"We have a lot of friends. All our neighbors are friends. We help each other even if we sometimes fight. We cannot visit far off family much, but once in a couple of years, I go to my village and see my brother's family. My parents have both passed away. My old aunt lives with my brother. They sometimes visit us."

The visiting group listened intently, sympathetically. 

Sarah suddenly blurted out, "In a fundamental way, her life seems to be a lot like mine now!"

Jen and Kim and the other members turned to her with a surprised look. The gears of many minds turned and suddenly it clicked for them too. It was quite true, what Sarah had observed.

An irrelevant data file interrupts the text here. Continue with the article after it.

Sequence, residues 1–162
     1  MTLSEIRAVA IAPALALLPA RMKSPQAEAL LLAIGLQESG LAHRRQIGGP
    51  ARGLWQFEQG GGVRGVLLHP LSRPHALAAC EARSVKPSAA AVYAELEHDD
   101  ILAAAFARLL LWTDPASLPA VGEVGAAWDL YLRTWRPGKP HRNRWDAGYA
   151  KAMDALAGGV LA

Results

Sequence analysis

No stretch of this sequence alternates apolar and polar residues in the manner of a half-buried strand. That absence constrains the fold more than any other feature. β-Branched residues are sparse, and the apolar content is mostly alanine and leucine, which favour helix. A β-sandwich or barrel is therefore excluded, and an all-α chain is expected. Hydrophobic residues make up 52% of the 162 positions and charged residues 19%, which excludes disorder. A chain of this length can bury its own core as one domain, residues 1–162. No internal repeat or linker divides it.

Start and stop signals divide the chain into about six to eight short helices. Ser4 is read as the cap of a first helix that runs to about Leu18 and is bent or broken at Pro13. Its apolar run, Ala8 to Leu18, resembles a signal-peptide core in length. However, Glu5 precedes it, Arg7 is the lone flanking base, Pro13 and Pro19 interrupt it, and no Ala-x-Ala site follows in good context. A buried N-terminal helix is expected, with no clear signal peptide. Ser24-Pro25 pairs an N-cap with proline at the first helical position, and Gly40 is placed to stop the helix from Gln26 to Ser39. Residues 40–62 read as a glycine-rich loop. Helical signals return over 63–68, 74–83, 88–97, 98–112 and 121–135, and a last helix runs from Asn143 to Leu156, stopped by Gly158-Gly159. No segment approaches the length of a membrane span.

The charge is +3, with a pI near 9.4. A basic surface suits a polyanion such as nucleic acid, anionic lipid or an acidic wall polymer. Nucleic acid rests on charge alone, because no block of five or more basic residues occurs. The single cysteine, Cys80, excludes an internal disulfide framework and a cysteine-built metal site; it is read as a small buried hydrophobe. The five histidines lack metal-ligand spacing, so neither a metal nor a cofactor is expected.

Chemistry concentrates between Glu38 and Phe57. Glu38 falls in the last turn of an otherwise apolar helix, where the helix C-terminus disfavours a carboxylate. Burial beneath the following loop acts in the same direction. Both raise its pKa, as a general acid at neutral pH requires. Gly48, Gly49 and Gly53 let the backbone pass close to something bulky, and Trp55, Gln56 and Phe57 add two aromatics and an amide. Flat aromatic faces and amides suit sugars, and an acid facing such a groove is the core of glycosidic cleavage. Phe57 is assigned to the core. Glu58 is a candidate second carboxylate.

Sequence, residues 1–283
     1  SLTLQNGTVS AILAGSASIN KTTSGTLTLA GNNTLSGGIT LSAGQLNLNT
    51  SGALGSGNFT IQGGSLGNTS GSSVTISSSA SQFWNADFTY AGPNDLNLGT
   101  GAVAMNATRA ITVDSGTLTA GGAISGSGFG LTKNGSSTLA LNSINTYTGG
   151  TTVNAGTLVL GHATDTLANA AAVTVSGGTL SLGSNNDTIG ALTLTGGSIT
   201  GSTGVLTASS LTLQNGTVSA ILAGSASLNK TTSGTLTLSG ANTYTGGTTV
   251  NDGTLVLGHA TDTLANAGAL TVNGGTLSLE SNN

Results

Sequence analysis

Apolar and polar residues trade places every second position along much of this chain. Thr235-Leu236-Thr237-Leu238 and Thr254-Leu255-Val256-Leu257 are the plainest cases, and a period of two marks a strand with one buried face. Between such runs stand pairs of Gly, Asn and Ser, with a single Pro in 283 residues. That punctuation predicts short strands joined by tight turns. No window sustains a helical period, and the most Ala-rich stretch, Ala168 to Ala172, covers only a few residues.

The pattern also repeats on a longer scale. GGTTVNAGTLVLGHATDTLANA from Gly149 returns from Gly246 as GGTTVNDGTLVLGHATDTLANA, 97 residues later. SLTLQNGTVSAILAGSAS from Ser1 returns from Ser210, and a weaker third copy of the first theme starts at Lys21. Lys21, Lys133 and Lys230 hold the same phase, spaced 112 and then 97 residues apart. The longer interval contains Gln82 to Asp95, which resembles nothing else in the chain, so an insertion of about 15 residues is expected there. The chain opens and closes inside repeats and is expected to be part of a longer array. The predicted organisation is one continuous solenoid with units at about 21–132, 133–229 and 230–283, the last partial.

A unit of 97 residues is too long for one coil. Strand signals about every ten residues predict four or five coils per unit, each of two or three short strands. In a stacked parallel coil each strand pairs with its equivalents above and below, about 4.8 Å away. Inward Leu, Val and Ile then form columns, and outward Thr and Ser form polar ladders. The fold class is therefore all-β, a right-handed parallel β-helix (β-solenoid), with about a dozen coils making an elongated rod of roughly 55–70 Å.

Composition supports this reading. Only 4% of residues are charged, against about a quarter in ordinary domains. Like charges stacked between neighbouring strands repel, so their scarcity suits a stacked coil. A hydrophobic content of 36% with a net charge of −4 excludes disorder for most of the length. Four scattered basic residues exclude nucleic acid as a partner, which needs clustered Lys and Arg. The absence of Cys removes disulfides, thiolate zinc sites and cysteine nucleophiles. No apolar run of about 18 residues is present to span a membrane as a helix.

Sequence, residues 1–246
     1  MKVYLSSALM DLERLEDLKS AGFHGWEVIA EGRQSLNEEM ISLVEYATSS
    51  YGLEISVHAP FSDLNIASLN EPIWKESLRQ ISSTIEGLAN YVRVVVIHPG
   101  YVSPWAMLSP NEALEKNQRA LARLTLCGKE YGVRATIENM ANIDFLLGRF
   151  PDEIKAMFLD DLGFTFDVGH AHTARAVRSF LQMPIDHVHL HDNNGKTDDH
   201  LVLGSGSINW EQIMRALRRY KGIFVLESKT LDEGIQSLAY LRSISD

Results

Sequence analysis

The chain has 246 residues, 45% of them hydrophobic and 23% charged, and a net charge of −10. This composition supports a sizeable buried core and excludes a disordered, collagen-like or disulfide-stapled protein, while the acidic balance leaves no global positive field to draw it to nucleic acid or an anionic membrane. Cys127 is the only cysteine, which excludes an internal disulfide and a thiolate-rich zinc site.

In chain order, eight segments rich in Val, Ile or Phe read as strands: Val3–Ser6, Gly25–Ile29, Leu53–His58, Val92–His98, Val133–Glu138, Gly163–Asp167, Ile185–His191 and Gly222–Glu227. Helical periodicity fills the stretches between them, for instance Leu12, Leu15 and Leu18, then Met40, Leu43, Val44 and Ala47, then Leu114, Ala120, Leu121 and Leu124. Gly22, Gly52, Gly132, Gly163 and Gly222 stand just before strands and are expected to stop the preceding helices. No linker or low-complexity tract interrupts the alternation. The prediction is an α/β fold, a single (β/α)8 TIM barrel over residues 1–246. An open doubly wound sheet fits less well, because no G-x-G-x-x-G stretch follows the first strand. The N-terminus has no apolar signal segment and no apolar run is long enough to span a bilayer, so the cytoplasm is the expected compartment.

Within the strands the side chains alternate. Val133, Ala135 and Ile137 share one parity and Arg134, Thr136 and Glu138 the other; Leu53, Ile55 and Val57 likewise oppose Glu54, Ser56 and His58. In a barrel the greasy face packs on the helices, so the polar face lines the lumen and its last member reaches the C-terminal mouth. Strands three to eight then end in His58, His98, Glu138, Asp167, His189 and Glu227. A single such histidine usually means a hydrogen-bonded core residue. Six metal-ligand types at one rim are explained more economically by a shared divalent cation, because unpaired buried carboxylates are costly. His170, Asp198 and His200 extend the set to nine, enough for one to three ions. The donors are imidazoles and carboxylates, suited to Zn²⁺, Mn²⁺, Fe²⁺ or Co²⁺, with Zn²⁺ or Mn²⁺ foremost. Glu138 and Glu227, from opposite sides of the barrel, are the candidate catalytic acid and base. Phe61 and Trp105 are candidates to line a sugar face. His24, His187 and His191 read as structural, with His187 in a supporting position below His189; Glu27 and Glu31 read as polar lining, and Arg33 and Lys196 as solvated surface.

Copyright © KIyer 2019
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(Opinions of the writer in this blog don't represent those of China Daily.)


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  • The Christmas Spirit 2019-8-18 08:34

    SEARU: Welcome you being back on the forum! Your topic is interesting! We bloggers should post more writings with unique fresh ideas to reader-friends.
    In C ...
    thank you for your comment Searu! warm regards!

  • The Christmas Spirit 2019-8-16 15:42

    Welcome you being back on the forum! Your topic is interesting! We bloggers should post more writings with unique fresh ideas to reader-friends.
    In China people waste too much money on friends who have to organize a banque at restaurant for kinds of reasons. (Such as kid‘s birth,  entering university or wedding, death of parent, and so on.)  I think colleagues should care and help each other with real heart that pure relationship can not be measured with banknotes!